Letter: Conservative WI Justice Unethically Accepted Free Legal Services From Lawyers Defending His Unethical Campaign Ad

In 2008, a conservative judge named Michael Gableman narrowly defeated incumbent Wisconsin Supreme Court Justice Louis Butler thanks to nearly $1.3 million in spending from right-wing interest groups and a false ad claiming that Butler unleashed a child molester upon society. This ad later became the subject of an ethics inquiry into Justice Gableman — Wisconsin law forbids judicial candidates from lying about their opponents — although the ethics case was dropped after the six remaining justices split 3-3 along party lines on whether Gableman committed misconduct.

A newly released letter, however, suggests that Gableman managed to violate ethics laws in hiring legal counsel to defend him against these allegations that he violated ethics laws:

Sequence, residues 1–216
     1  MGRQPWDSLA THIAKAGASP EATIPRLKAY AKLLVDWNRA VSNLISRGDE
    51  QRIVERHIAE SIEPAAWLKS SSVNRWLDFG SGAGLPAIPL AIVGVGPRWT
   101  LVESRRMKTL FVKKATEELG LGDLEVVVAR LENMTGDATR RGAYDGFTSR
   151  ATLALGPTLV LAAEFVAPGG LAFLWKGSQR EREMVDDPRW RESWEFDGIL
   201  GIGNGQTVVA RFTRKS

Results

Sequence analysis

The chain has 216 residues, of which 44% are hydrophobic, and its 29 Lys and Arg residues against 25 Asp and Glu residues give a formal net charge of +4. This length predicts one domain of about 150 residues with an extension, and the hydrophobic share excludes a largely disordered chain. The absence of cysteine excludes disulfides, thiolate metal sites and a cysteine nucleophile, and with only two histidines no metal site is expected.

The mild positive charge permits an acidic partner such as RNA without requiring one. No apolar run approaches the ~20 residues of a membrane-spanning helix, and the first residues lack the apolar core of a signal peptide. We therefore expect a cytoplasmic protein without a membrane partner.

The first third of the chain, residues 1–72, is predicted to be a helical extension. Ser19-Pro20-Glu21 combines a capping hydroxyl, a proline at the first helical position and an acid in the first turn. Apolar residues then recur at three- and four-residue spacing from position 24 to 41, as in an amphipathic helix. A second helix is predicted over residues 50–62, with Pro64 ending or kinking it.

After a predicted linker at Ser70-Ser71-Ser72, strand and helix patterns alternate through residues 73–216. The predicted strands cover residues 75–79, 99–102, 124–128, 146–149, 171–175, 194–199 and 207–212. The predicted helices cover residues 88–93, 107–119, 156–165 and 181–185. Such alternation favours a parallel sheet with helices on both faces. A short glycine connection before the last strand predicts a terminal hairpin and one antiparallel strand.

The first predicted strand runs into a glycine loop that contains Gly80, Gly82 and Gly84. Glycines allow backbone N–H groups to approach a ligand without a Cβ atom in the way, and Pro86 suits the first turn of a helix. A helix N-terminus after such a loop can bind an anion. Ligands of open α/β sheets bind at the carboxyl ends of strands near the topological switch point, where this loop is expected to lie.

State Supreme Court Justice Michael Gableman received free legal service worth thousands of dollars from one of Wisconsin’s largest law firms as it defended him against an ethics charge, according to a letter released Thursday by the firm.

The state’s ethics code says state officials cannot receive anything of value for free because of their position. And a separate ethics code specifically for judges says they cannot accept gifts from anyone who is likely to appear before them.

A former state ethics official on Thursday said authorities should thoroughly investigate how the deal between Gableman and attorney Eric McLeod of Michael Best & Friedrich worked because Gableman did not end up paying any attorneys fees. […]

Michael Best has five cases currently before the Supreme Court. Gableman is participating in all of them. Gableman did not respond Thursday to a request for an interview.

Sadly, this is hardly the only ethical tangle to emerge on the Wisconsin Supreme Court since Gableman’s election allowed conservatives to seize control over it. With Gableman casting the key fourth vote, the court’s conservatives voted to allow corporate lobbyists to write the court’s ethics rule enabling justices to sit on cases involving their major campaign donors.